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ORCHARD GRASS (Dactylis glomerata L.). Plate 8; Seed, Plate 26, Fig. 13. Other English name: Cocksfoot.


Botanical description: Orchard Grass is perennial with a very short rootstock. The stems, which are from two to three feet high, are crowded and surrounded at the base by numerous leafy shoots. The leaves are long, broad and flat, rather soft in texture, and for this reason often overhanging, especially in dry, hot weather. Orchard Grass can be easily recognized, even at a very early stage of development, by the basal shoots which are flat and double-keeled. This peculiar shape of the shoots is due to the leaves in the bud being folded together along the middle line. The flowers are in a short panicle, which as a rule has only two or three stout and rather short main branches. When in bloom the branches spread like the toes of a bird's foot—hence the English name Cocksfoot. During the ripening period they gradually move upward, after the manner of arms being lifted over the head, so as to form a rather narrow panicle. The branches of the panicle are naked below, carrying the spikelets at their top in dense, one-sided clusters. The spikelets are compressed, the one side being slightly hollow, the other rounded. They contain from two to five flowers, each of which is enclosed within two strongly keeled and sharply pointed glumes. The stamens are developed a trifle later than the pistil. Thus there is a possibility of cross-fertilization between flowers of different plants. The flowers of a panicle are, however, very crowded and self-fertilization probably takes place to a great extent.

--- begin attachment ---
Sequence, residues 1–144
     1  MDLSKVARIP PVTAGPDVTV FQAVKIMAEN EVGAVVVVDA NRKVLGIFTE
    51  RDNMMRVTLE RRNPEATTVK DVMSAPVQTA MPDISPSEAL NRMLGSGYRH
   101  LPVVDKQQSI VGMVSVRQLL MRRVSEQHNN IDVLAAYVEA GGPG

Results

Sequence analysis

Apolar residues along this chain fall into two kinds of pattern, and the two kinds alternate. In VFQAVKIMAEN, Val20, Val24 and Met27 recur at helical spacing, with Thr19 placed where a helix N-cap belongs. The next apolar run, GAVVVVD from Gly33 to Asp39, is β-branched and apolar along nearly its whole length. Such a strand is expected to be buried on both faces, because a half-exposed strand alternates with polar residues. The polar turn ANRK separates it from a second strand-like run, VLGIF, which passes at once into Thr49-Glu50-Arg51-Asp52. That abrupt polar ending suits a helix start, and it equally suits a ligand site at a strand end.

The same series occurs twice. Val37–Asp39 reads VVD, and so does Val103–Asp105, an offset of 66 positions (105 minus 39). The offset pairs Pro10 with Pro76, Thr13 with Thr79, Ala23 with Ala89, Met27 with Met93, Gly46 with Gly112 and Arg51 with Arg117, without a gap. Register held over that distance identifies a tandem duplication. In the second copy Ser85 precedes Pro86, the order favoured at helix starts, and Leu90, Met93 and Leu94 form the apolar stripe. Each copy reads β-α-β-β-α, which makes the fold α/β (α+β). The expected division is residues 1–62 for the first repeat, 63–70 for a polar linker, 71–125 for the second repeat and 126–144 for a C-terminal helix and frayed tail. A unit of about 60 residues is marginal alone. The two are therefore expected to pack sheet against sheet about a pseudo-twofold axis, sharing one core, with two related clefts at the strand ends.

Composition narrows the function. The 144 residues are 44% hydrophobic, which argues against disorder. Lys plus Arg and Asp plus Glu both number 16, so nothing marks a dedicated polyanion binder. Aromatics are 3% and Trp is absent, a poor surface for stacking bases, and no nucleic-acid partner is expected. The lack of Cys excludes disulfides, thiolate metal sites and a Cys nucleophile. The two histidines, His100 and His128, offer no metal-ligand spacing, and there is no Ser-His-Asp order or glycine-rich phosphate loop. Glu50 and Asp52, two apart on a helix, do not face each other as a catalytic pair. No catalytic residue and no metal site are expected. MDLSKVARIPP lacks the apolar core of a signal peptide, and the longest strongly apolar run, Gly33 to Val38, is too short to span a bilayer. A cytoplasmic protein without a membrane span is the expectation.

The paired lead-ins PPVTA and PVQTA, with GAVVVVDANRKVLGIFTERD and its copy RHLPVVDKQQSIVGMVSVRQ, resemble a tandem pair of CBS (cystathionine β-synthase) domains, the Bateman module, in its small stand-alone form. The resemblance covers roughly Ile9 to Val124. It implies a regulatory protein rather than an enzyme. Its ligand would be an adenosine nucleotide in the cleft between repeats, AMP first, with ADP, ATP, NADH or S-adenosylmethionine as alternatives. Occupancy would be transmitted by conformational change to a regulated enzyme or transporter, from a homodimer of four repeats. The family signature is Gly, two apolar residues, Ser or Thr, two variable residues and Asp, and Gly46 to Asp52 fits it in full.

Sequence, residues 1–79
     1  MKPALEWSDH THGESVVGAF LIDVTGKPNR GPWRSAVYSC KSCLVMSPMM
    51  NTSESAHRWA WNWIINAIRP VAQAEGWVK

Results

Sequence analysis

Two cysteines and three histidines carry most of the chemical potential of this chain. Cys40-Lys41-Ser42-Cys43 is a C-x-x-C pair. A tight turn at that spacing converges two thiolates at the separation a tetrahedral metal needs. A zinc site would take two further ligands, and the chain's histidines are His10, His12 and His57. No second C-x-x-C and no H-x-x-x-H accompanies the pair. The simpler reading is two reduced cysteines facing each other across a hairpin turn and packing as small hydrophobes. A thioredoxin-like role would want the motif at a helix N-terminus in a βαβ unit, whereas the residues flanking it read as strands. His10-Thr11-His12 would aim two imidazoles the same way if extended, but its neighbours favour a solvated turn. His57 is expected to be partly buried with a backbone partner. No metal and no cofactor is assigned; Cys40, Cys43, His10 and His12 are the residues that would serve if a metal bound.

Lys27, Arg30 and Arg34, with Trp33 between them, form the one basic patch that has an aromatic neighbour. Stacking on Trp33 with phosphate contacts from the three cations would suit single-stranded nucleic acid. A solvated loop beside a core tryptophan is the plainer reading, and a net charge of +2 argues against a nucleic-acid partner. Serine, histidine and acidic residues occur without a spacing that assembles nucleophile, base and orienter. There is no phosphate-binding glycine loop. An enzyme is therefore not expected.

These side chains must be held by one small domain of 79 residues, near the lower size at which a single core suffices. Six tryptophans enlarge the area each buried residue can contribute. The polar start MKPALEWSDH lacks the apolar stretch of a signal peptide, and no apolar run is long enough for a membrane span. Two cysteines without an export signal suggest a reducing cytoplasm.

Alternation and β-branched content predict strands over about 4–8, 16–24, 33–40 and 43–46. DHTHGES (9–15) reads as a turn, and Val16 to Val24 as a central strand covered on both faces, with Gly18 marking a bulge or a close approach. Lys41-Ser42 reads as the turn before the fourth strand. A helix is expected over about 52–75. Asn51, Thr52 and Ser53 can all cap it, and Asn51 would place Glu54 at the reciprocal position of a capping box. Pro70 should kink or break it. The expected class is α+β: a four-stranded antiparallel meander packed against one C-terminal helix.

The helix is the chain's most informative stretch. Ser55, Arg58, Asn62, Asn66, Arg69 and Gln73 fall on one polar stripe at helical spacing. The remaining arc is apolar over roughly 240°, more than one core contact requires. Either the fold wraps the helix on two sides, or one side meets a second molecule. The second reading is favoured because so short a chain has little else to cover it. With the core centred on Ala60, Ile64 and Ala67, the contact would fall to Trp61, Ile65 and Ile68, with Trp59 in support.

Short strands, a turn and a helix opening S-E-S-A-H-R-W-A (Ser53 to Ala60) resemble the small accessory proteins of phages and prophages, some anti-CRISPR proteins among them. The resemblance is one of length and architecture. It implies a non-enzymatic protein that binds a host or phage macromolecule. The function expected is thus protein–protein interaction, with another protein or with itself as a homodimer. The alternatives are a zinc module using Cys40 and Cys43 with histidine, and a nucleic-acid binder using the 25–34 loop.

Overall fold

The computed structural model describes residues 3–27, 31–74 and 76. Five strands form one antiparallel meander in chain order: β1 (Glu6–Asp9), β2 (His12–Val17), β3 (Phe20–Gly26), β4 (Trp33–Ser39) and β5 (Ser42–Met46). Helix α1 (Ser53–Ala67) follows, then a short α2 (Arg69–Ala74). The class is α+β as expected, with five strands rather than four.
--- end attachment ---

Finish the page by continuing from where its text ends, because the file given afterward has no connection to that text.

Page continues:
Geographical distribution: Orchard Grass is indigenous to Europe, the temperate zone of Asia and northern Africa. It was introduced into North America very early. When it was first grown for fodder in England, about one hundred and fifty years ago, the seed was obtained from Virginia. It is now grown in temperate regions all over the world.

Habitat: Orchard Grass grows naturally in meadows, waste places, along roadsides, etc. It occurs in woods as well as in open fields, and is more adapted to shady situations than other meadow grasses. Its frequent occurrence in orchards has given it its name.

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